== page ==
The “Inside Dope” on Being a Great Product Manager
Things that product management books won’t tell you
I have been a product manager in large Silicon Valley tech companies for the last 6 years, and I now lead of team of product managers. As someone who has gone through the grind of failure, bad performance reviews, reading PM books, listening to podcasts, talking to PMs, and thinking about how to be a better PM, I can tell you this much: the common wisdom that’s out there doesn’t actually make you a GREAT product manager.
Maybe my lived experiences will help you get the “inside dope” on being a PM?
1. Think like a Novelist
Imagine that your job is to write a story about your product: what it is, how it works, who it helps, and why it should exist.
What are the gaps in your story? Go after filling those gaps in a way that an investigative journalist or a writer would go about them.
There could be multiple stories, depending on your audience, and your job is to gather enough material to write those stories. This type of mindset can help you talk to the right people, follow clues, and get curious about problems. Pay attention to unspoken/unsaid points of tension: what is your customer not saying that you think is a concern? Writers often think this way: they observe the world around them because their job is to translate that observation into words that people can understand and empathize with.
Since you are creating this story, you need to write down as many details as possible. No one else knows these different “clues” you have discovered. Therefore, you need to take them on the journey, revealing information slowly as you go.
For example: it is not enough for you to say “Build a dashboard”, when you have seen the struggle your customers face when trying to understand, say, what kinds of people shop on their online store! You need to introduce the main characters of your story, i.e., your customers and their customers. What are their names? What defines them? You then need to paint a picture of the status quo: your customers don’t actually know what their customers want. Then you need to introduce the tension: what is the consequence of this? What’s the tragedy here?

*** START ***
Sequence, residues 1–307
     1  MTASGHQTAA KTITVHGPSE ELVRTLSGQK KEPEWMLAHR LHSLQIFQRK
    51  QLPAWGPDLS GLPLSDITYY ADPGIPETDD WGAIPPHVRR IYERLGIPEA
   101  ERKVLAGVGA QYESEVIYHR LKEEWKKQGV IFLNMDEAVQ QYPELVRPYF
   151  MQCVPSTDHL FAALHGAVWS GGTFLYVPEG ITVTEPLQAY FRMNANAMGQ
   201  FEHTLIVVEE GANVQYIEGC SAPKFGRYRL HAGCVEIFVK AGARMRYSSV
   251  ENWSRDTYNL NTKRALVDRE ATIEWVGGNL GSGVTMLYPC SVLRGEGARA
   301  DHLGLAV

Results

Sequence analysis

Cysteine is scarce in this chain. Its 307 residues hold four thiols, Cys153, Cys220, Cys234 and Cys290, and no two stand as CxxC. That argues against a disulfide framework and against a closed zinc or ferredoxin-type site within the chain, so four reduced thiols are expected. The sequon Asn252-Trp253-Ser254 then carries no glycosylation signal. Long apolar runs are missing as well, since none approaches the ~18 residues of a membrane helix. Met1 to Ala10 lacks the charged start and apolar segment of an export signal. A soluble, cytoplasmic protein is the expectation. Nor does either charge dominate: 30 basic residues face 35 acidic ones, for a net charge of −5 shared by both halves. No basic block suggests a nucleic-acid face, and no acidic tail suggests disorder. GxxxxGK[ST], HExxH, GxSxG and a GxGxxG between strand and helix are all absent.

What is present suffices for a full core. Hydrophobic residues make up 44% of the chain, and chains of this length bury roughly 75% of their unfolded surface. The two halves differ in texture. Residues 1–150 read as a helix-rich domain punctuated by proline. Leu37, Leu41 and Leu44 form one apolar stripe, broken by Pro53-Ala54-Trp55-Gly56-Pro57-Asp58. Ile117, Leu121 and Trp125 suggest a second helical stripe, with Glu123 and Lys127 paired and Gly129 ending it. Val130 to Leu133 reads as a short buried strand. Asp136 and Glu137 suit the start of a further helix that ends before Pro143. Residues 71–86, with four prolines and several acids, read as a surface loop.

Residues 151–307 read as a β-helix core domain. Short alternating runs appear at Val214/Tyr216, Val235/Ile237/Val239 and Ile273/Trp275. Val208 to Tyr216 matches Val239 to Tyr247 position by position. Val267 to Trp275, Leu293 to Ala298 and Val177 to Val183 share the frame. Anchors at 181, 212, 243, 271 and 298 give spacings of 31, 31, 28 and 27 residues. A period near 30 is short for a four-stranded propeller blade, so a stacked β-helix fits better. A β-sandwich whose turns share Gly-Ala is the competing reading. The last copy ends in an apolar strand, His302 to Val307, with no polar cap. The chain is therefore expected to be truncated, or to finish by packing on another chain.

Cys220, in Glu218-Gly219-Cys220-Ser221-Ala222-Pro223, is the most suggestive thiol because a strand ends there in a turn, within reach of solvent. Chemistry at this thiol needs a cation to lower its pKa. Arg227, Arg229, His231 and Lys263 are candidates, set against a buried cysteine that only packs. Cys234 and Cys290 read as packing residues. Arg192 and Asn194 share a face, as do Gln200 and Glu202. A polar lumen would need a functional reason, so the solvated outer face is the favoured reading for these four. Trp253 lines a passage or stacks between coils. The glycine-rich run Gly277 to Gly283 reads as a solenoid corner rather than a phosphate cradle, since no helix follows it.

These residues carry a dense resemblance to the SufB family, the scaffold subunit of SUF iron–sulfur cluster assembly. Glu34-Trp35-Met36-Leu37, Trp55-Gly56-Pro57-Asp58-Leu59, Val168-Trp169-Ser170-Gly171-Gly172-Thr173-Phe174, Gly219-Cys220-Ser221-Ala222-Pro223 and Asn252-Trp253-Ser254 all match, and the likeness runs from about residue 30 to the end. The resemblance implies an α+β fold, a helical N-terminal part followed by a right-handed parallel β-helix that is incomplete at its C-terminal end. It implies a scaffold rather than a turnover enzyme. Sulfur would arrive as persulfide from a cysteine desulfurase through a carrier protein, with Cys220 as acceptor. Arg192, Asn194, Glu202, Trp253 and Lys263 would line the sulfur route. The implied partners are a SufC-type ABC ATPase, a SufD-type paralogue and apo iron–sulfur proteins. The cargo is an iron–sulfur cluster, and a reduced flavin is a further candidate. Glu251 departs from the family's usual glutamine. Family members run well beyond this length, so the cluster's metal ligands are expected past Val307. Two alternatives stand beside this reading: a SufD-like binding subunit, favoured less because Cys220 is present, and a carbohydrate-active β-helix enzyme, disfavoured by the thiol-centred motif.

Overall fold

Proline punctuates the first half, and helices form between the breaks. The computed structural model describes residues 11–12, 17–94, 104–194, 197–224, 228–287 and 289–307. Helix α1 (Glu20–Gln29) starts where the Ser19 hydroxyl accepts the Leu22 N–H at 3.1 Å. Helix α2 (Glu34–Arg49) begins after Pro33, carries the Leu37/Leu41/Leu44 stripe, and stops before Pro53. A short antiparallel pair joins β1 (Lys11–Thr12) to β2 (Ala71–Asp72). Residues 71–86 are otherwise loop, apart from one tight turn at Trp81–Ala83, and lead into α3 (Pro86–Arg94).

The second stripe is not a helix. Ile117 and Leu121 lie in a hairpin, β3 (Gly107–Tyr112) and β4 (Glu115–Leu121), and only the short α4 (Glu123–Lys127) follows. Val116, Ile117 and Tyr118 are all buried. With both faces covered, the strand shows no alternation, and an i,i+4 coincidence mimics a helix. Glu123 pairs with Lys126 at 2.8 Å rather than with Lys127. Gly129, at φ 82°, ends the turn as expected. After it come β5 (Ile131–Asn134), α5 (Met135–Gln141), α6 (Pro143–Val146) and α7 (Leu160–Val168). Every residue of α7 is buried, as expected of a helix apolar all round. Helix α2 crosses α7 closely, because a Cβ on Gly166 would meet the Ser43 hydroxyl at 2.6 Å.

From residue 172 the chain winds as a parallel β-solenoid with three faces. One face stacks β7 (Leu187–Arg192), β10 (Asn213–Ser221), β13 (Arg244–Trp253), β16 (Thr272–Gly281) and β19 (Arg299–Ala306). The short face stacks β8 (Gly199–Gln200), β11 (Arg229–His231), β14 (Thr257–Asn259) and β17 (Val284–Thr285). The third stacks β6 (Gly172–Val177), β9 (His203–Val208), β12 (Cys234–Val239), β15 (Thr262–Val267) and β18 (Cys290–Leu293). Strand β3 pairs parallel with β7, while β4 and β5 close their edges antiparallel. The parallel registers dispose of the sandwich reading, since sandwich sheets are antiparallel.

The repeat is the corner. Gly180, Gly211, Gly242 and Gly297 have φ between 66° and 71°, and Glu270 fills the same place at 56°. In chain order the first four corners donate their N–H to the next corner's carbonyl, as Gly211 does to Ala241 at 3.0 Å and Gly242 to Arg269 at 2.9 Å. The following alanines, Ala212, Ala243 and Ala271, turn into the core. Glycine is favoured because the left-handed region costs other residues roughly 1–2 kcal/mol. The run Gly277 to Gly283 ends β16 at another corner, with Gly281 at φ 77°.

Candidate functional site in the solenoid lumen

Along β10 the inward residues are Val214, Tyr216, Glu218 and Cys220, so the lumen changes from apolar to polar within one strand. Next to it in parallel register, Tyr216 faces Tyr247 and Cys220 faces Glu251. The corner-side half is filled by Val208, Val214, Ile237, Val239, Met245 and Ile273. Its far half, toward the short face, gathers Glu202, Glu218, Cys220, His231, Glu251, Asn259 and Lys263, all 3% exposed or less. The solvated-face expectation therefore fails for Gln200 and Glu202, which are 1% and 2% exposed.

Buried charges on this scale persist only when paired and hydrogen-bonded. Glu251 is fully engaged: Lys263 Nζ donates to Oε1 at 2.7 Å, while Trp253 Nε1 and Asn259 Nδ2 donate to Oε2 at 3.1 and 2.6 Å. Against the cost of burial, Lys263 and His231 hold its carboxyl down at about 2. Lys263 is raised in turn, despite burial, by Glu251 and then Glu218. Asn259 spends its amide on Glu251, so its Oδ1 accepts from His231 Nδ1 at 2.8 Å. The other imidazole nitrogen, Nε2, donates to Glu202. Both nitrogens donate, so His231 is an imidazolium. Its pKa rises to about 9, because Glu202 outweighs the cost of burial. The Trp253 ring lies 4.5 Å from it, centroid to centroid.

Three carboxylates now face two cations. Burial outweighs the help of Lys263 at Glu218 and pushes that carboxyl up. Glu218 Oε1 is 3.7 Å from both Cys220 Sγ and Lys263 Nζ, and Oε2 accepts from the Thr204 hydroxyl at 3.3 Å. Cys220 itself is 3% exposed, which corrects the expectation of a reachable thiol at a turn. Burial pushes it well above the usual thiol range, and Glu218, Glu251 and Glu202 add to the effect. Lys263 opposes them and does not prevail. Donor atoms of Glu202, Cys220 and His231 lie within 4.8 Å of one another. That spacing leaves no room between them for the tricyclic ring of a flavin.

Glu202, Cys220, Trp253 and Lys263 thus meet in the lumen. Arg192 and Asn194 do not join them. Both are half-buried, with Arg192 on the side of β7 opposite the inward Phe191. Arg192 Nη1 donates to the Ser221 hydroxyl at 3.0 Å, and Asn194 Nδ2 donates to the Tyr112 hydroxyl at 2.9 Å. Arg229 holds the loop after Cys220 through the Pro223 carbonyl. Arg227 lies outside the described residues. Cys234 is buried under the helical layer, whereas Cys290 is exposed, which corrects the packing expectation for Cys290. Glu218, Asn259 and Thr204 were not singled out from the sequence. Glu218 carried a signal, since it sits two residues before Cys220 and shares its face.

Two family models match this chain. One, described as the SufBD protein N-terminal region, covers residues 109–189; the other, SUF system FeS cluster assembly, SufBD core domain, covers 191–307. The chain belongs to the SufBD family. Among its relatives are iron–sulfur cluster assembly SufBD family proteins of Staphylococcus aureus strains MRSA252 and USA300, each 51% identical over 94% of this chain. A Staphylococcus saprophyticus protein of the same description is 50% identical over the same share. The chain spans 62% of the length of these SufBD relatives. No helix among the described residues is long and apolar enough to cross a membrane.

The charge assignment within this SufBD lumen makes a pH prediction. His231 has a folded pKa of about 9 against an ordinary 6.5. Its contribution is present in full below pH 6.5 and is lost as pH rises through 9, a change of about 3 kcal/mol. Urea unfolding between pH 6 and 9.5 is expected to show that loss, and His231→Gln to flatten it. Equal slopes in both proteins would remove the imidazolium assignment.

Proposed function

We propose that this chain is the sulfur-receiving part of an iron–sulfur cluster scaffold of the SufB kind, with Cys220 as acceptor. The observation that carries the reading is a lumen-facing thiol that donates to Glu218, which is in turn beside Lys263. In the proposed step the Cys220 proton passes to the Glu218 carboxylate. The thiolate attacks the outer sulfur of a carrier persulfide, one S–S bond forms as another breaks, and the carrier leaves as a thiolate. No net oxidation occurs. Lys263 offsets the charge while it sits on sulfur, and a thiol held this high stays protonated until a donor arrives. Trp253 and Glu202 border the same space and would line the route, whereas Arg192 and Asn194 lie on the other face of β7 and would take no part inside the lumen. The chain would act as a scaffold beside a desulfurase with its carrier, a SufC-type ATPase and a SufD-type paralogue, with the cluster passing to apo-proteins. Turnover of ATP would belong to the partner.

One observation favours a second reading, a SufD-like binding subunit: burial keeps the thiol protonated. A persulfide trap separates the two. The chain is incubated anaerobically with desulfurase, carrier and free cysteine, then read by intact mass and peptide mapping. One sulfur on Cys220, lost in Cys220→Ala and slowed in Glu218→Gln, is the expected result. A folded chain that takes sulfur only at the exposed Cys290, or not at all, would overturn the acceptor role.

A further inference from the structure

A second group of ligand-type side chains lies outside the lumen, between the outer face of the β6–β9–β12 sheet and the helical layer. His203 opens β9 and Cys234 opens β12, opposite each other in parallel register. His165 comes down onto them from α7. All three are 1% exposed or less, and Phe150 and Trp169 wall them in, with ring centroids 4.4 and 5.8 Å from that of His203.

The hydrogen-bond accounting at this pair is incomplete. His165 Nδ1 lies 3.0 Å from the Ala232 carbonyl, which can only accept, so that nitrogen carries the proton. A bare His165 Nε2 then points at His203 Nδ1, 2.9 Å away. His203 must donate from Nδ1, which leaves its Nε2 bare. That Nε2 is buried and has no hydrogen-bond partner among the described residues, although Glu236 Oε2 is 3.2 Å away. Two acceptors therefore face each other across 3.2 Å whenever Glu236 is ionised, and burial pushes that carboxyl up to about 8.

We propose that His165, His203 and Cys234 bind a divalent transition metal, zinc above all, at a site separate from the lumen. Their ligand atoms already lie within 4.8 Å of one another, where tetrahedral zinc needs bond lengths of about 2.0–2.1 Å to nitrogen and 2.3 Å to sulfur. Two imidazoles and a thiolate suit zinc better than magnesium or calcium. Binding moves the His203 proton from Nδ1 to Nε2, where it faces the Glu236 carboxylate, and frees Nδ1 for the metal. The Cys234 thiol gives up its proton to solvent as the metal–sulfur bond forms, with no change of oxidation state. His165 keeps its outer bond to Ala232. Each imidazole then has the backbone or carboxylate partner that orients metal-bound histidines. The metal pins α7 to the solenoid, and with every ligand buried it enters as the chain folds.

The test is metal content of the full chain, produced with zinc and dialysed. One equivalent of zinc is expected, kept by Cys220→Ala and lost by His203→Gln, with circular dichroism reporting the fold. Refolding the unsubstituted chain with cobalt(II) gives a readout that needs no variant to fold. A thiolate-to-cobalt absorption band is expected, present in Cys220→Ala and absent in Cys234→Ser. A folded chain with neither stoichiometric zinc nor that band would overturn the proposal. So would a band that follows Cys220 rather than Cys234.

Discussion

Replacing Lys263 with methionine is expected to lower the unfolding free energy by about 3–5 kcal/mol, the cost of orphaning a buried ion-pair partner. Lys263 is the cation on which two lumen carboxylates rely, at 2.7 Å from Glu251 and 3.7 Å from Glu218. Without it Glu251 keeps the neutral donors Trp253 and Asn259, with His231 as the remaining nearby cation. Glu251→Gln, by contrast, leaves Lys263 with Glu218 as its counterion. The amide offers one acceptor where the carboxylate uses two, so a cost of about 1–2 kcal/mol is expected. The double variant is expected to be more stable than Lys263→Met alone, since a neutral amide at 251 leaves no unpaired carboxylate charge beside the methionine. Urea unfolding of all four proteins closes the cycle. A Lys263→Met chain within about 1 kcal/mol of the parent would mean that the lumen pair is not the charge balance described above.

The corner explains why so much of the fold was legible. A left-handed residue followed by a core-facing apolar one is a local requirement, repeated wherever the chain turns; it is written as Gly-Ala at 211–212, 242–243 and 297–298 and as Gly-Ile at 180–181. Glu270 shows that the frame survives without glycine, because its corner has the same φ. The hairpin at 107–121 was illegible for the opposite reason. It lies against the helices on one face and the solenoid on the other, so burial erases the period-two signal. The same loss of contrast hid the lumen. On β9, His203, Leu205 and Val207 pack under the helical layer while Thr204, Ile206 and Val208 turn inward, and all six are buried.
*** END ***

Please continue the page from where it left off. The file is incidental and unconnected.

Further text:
Then you introduce your product: another character. The dashboard. Now, what does it look like? How does it behave? What are its shortcomings? How does it help the crew?
Anticipate your reader’s questions (depending on whether your readers are your engineering team, or the executive team), and take your audience through the journey that you went through!
2. Use Data as Just one of the Inputs
The books I have read have always told me that I should base all product decisions on metrics.
Want to know how your customers are feeling? Measure the NPS of your product. Want to know what you should build? Survey your customers. Want to know if your product is making a positive difference? Look at the top line metrics.
Yes, this is absolutely good advice, and a great starting point for product managers. But, just data will not take you far, since many large organizations have little to no data, and measuring everything is time-consuming. Also, data doesn’t always tell you the full story, since we live in an increasingly complex world where our tiny brains can only think through a few parameters at a time. Focusing on just a few metrics can make you miss the full picture, since products usually have far-reaching, and lasting consequences that humans simply can’t predict.